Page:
Helen explained that she can remember falling from a chair at the age of four and going to the hospital, where she was told her arm was not broken, but had been three months earlier.

Helen, who has shared her story in a new memoir, now believes her mother had Munchausen syndrome, a mental illness in which a person pretends to be sick or intentionally causes physical symptoms.

Helen, who has shared her story in a new memoir, now believes her mother had Munchausen syndrome, a mental illness in which a person pretends to be sick or intentionally causes physical symptoms.

Her mother claimed her arm was injured after accidentally closing the door on her arm while Helen reached back to close the door.

But when she read her mother’s diaries, she realized she was only two, not four, at the time of the accident.

She says it would have been impossible for her arm to get hurt that way because she was too young to reach behind her and close the car door.

“She broke my arm, but I don’t know how,” Helen said. “She didn’t take me to the hospital. It wasn’t until I fell off this chair three months later that they discovered it had been broken in the past.”

At ten, she says her mother left her to put out a fire in their house alone, telling her to turn off a washing machine that had caught fire.

“My girlfriend and I were playing downstairs one day when I was about ten and we heard this noise in the kitchen,” she said.

In her new memoir, Helen reveals how she learned the truth about her mother's deceit by reading her diaries after her death

In her new memoir, Helen reveals how she learned the truth about her mother’s deceit by reading her diaries after her death

‘It was full of smoke, it sparkled, I called for my mother. She didn’t come, I ran upstairs to say, “What should I do?” and she told me to go back to the room and turn off the washing machine. You are now thinking with a primary school child, you would never think of that.’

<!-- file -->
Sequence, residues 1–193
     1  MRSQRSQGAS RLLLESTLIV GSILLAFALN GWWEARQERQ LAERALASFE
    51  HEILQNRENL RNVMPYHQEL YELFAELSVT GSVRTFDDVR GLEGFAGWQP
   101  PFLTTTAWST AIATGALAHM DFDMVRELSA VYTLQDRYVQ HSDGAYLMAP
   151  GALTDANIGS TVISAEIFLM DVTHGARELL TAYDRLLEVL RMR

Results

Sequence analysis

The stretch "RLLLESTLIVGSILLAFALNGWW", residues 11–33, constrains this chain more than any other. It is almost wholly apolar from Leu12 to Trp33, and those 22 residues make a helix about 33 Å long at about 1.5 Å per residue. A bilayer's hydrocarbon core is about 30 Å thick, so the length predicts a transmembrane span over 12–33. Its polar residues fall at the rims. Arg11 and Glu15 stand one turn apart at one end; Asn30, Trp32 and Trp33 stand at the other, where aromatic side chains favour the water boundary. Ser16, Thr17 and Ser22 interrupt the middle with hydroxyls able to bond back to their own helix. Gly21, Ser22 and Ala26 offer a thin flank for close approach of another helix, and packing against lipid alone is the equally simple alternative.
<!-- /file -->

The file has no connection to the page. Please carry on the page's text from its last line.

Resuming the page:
Helen says her mother was unkind to her as a teenager, revealing that at age 13, her self-esteem was so low that she began to self-harm.

“She always told me I was ugly, stupid and fat and that I really hated myself,” she said. “Because she’s my mother, I absolutely believed she was telling me the truth.”

Elinor had been a prolific diarist for 55 years and her daughter admitted she was stunned after discovering the diaries.

“It was such a shock,” she said. “I really didn’t expect to find anything like it. I discovered that this faking disease had been going on all her life.

“As a healthy 20-year-old woman, she went to the doctor for everything, but the most shocking thing was to find out that she had abused me as a small child.”

Helen thinks her mother’s ‘demise’ was when she started faking Parkinson’s disease later in life, revealing that she was once confronted by a nurse who suspected she was faking it and was hesitant to give her medicine for the disease .

“I think that was her real downfall,” Helen said. “I think if she had continued with ME, no one would have realized what was going on because ME is so difficult to diagnose and there is such a range of symptoms.

“But for Parkinson’s there are specific tests and symptoms and you can’t really fake that.”